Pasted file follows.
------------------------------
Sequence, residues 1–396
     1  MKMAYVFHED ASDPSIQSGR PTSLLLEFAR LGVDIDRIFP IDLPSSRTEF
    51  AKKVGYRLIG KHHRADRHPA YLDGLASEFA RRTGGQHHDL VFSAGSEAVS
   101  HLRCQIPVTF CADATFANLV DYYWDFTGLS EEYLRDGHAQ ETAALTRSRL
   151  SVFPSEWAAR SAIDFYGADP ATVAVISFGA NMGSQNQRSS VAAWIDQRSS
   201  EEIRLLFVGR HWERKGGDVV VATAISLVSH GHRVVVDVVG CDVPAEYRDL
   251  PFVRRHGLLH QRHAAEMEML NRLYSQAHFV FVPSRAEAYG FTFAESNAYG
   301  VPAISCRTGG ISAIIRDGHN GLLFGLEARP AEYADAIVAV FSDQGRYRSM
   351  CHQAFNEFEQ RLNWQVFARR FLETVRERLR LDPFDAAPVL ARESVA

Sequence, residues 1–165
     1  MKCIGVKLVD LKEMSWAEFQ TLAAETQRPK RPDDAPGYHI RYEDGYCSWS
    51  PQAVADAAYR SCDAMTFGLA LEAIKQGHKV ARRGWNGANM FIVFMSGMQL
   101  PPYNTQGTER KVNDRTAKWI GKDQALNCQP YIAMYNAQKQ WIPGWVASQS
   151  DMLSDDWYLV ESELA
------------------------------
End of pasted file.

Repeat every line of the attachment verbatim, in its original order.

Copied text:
Sequence, residues 1–396
     1  MKMAYVFHED ASDPSIQSGR PTSLLLEFAR LGVDIDRIFP IDLPSSRTEF
    51  AKKVGYRLIG KHHRADRHPA YLDGLASEFA RRTGGQHHDL VFSAGSEAVS
   101  HLRCQIPVTF CADATFANLV DYYWDFTGLS EEYLRDGHAQ ETAALTRSRL
   151  SVFPSEWAAR SAIDFYGADP ATVAVISFGA NMGSQNQRSS VAAWIDQRSS
   201  EEIRLLFVGR HWERKGGDVV VATAISLVSH GHRVVVDVVG CDVPAEYRDL
   251  PFVRRHGLLH QRHAAEMEML NRLYSQAHFV FVPSRAEAYG FTFAESNAYG
   301  VPAISCRTGG ISAIIRDGHN GLLFGLEARP AEYADAIVAV FSDQGRYRSM
   351  CHQAFNEFEQ RLNWQVFARR FLETVRERLR LDPFDAAPVL ARESVA

Sequence, residues 1–165
     1  MKCIGVKLVD LKEMSWAEFQ TLAAETQRPK RPDDAPGYHI RYEDGYCSWS
    51  PQAVADAAYR SCDAMTFGLA LEAIKQGHKV ARRGWNGANM FIVFMSGMQL
   101  PPYNTQGTER KVNDRTAKWI GKDQALNCQP YIAMYNAQKQ WIPGWVASQS
   151  DMLSDDWYLV ESELA